He was the biggest box office star in movies for thirty years, beloved by audiences, yet terribly under estimated as an actor until the years after his death in 1979. Wayne believed acting was reacting, and if you watch him in his best performances he had mastered what few ever have, the art of listening. When Wayne was in a scene he was ever-present, absolutely there, elevating the work of those around him.
Wayne chose roles that played to his strengths, but every so often he would step out of his comfort zone, sometimes with great results, other times, not. That he was so widely admired and respected by fellow actors and directors is a huge testament to his talents.
Most comfortable in Westerns, it is no surprise his finest twelve performances are dominated with films from that genre.
Wayne would win a single Oscar, earning just one other nomination in a career that should have brought him a second Oscar, and at least another four or five nominations. He was as much an actor as he was an American, a patriot in the truest sense of the word.
He would from time to time wander outside his comfort zone with performances in The Conqueror (1955), a disaster and later in his career after turning down the title role in Dirty Harry (1971) he made a couple of rip offs of the film, placing him in modern-day as a tough cop, both McQ (1972) and Brannigan (1973) failed miserably.
His biggest critical failure would be The Green Berets (1968), a film he also directed, that took a wrong sided look at the war in Viet Nam, Wayne siding with Nixon on Americas place in the war. For the first time in his career he looked naive, even silly, woefully out of touch. He rebounded the following year with True Grit (1969) one of his biggest box office hits, and the film that finally won him an Oscar.
How does one last in Hollywoods from the silent cinema through the seventies without talent? You do not, plain and simple. I remember after he died reading an article that stated John Wayne: American. I would go one better and say Wayne was America, at least the way Americans hoped they could be. In order of preference, here is the list of top John Wayne movies that showcase his talent.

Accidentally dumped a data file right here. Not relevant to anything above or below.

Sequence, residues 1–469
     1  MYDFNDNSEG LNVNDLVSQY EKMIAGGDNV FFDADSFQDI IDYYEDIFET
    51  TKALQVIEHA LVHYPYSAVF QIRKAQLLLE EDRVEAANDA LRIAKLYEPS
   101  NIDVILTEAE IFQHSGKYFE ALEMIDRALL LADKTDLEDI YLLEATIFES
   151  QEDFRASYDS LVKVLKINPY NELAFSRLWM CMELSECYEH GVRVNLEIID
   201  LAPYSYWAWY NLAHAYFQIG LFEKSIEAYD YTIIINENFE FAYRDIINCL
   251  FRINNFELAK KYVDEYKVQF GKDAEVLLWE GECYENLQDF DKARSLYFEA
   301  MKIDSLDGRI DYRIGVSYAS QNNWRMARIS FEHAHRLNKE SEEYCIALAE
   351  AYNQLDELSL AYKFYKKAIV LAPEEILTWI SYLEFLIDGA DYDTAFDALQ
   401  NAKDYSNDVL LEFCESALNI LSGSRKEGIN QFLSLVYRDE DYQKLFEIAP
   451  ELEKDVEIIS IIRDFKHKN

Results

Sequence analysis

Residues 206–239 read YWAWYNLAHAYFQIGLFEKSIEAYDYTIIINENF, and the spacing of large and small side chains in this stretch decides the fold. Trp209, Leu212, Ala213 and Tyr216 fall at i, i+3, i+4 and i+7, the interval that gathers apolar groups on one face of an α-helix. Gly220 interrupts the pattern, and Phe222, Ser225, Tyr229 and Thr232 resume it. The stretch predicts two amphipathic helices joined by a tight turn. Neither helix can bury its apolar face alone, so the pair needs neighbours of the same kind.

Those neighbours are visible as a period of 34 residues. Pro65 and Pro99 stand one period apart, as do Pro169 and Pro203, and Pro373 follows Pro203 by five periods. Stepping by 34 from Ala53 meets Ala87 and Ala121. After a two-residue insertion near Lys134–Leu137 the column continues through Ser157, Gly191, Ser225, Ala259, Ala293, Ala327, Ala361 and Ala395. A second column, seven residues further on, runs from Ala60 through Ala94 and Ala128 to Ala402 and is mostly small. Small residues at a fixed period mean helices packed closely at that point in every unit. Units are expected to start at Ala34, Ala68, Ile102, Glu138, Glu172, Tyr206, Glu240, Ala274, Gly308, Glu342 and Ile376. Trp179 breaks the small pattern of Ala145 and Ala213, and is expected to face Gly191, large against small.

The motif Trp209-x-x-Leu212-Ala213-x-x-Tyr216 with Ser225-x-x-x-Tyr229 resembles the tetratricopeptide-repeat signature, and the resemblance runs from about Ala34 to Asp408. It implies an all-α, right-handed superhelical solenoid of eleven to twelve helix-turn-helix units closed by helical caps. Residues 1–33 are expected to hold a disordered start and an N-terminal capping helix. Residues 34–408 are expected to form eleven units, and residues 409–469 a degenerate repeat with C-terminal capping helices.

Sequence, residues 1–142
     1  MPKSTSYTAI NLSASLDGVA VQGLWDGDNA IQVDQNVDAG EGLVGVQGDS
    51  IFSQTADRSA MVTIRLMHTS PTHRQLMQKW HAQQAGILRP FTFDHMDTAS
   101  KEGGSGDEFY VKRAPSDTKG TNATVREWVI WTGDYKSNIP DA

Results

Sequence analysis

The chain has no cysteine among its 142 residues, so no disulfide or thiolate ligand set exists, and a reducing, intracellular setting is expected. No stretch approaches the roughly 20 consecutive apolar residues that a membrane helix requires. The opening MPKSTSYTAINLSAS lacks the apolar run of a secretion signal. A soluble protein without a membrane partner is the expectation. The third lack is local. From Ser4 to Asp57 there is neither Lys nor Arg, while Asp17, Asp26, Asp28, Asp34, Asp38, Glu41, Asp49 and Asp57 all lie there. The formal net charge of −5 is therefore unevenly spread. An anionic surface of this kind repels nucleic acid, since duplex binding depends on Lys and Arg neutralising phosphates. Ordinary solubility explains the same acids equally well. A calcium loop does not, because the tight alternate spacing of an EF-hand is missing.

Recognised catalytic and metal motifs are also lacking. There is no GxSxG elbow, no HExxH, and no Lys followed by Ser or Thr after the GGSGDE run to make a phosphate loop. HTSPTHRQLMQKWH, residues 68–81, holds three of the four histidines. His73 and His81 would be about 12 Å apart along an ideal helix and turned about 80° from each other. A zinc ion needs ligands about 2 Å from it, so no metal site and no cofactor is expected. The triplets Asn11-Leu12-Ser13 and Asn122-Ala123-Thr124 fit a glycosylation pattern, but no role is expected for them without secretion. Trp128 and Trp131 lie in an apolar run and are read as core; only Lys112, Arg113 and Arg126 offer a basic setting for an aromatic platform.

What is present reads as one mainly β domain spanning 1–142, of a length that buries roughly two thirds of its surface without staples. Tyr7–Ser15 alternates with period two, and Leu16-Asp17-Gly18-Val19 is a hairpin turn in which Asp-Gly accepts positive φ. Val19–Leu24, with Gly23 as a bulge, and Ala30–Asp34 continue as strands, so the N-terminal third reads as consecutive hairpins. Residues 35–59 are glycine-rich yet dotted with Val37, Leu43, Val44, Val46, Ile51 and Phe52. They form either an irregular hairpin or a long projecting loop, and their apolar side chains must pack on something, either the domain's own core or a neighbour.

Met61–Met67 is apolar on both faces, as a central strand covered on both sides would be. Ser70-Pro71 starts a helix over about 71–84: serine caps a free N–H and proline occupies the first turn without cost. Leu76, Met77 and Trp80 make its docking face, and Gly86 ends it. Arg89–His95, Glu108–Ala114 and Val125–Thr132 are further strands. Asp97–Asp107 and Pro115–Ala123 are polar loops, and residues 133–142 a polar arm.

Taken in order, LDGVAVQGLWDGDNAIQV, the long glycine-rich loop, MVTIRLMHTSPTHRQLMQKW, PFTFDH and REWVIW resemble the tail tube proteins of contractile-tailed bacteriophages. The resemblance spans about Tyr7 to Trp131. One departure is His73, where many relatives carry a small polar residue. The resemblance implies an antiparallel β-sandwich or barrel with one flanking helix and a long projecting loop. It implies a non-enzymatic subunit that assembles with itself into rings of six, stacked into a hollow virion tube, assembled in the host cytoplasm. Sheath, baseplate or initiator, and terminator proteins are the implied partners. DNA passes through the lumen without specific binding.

1. The Searchers (1956)
His greatest performance, the best performance by an actor in 1956 and one of the cinema’s greatest, Wayne is an emotional tornado as Ethan Edwards. When his brother’s family is massacred, his nieces kidnapped, Ethan goes looking for them, a funnel cloud of fury and hate. He finds Lucy, dead, having been raped but continues looking for years for little Debbie. It becomes clear though, that Ethan is not looking to find the girl and bring her home, because she is now a teen, living with a Buck in his words, he plans to kill her. But finally face to face with his niece, his blood, daughter of the woman he loved, he cannot kill her. Lifting her high over his head as he did when she was a child, he sweeps her into his arms and takes her home. Never had Wayne portrayed a man filled with such rage, never had his eyes been so cold, so filled with hate. Watch the scene where he sees the women brought back from the Indians, their minds gone, he has no pity for them, and only hate for their captors. It is a towering, dark performance that should have won him his first Oscar. A masterpiece directed by a John Ford.
2. The Shootist (1976)
“I’m a dying man…Afraid of the dark” he tells his frightened landlady, after she discovers he is a legendary gunfighter, J. B. Books. Diagnosed with cancer in the year 1901, the old west is dying, slowly, but like him dying nonetheless. He comes to the growing city to see a doctor he trusts, and is given the news. As people descend on him, all hoping to make money on his name, the good widow and her son find compassion for him, realizing he has no one. Books does not want to die the death he knows is coming, and formulates a plan to thwart that. Wayne is superb in the film, one of the last great Hollywood westerns. He was struggling with the return of cancer at the time of the shoot, and riches deserved an Oscar nomination that did not come.
3. Red River (1948)
Howard Hawks directed this epic western about a long cattle drive that becomes a Mutiny on the Bounty tale between father and step son. Thomas Dunson (Wayne) is a hard-bitten cattleman, who with Matt, the boy he found wandering after his family was killed by Indians, builds a massive cattle empire. Know the need for beef in the north, they drive the herd there, but there is trouble on the trail. More and more Matt sees his fathers cruelty, until finally he cannot take it and seizes the herd, leaving Dunson on his own. What Matt does not count on is Dunsons fury, and he follows his son, finally finding him. Wayne is outstanding in the film, portraying older than his years, brilliantly so. This should have been his first Oscar nomination.
4. True Grit (1969)
True Grit is courage. Riding into a meadow, Rooster Cognurn (Wayne) is outnumbered four to one by a group of very dangerous cut throats he knows all too well. Sizing them up, does he back down? No, with a twirl of his rifle he marches on, like an old Knight about to joust. Taunted as a “one-eyed fat man” he takes draws another weapon in the other hand, armed now with his rifle and pistol, takes the reins in his teeth and charges at them, guns ablaze. That is true grit. Wayne won his Oscar as Rooster, the one-eyed, over the hill Marshall hired by a young girl to find her fathers killer. He gives a great near mythical performance, larger than life, playful, outstanding.
5. Rio Bravo (1959)